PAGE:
Two more nice reviews for the Compact Framework book:
From Developer Central
January 7, 2004 - Vol. 3 #8
"BUILDING SOLUTIONS WITH THE MICROSOFT .NET COMPACT FRAMEWORK:
ARCHITECTURE AND BEST PRACTICES FOR MOBILE DEVELOPMENT, by Dan Fox and Jon Box (Addison-Wesley): The title's a mouthful, but the book is a good one for the experienced .NET developer trying to move on to the smaller platforms. It starts with a lot of excellent material that tries to sort out the confusing welter of platforms, development tools, protocols and so on that are unique to PDAs and other compact devices. The authors then go into some of the key architectural aspects of working with the .NET CF: ActiveSync, remote data access, using SQL Server CE, and so on.
There are chapters on localization, security, and deployment issues, and a wrapup of "Developer Challenges" that points out some pitfalls and suggests solutions. It's not a behemoth of a book, but its focused information will be useful to many developers."
From Know Dot Net (click the link to see the entire review)
by William Ryan
"If you've done much programming with Microsoft products, then you have probably know the names Jon Box and Dan Fox. If you aren't familiar with them, suffice to say that they are two of .NET's heaviest hitters and know their art as well as it can be known. When two guys like this write a book, it's a sure bet it will be excellent, and IMHO, it's superb....This book is pragmatic in the 'big picture' sense and really focuses on the 'why' type questions regarding the Compact Framework and then fills in the gaps with plenty of code examples.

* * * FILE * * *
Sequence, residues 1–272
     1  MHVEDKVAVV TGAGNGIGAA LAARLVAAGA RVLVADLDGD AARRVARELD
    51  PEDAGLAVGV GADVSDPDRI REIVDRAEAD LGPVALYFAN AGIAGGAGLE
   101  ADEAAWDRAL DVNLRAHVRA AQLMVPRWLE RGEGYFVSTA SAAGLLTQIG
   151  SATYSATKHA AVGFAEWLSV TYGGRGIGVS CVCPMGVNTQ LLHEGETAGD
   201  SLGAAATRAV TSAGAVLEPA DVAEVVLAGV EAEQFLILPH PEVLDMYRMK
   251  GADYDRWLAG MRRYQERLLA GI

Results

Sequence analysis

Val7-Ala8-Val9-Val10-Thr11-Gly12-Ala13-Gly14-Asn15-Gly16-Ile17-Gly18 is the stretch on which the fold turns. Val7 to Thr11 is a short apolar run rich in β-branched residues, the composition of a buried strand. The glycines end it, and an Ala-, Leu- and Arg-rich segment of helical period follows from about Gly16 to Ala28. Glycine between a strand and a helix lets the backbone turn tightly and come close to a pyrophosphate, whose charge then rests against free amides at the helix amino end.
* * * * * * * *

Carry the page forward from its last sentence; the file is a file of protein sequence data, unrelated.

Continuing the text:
Including indexes, appendices and all that good stuff, the book is just under 370 pages hosting 9 Chapters. The first three chapters focus primarily on the background of the Compact Framework and what it can do for you. Personally, I've been developing with the compact framework for over a year now, help run a website covering mobile development exclusively and spend a good part of my time following the mobility scene. Normally, 'what is' type chapters are something I'd breeze over, but I found there coverage of it very interesting. They discussed the whole gamut of mobile devices, what you'd need to write applications for them and how the compact framework fits into all of this. Using real world anecdotes from their company and providing some first rate "Related Reading" links, the first three chapter can get someone totally clueless about mobility up and running very quickly.
After this general discussion, things get much more targeted. When you think of mobile development, you don't have a whole lot of real estate and the whole environment is much different. As such, the major areas of concern for most developers will be, building a UI, Accessing Data under multiple scenarios (after all, you probably won't have network connectivity whenever its needed so working offline is just as important as working online) and security. These three areas are covered very well....
Another important aspect of CF development that they do a great job on is Synchronization. After all, if your PDA only acts as a stand-alone island never communicating with other devices, it probably won't be of much use to you. Anyway, only about 20 pages are dedicated to Synchronization and 15 of those to ActiveSync but those 15 pages are so detailed and to the point that they are all most developers will probably need. If I've seen such a large topic discussed so succintly and effectively, I can't recall it.
Next comes security and they really knocked the ball out of the park here...Well, they dedicate almost 25 pages to this subject and really do a nice job. It's nice to see that so much emphasis is put into such a dry yet critical subject...
In summary, I think this is a first rate book by two first rate authors. The discussion of security alone justifies the price of the book but that's not to say that they didn't do a great job everywhere else. I also think that this book is particularly cool because of its emphasis on architectural considerations, which are easy to overlook and potentially devastating if not given the necessary attention. Overall, I think it's safe to say that if you buy this book, you'll consider it a great investment."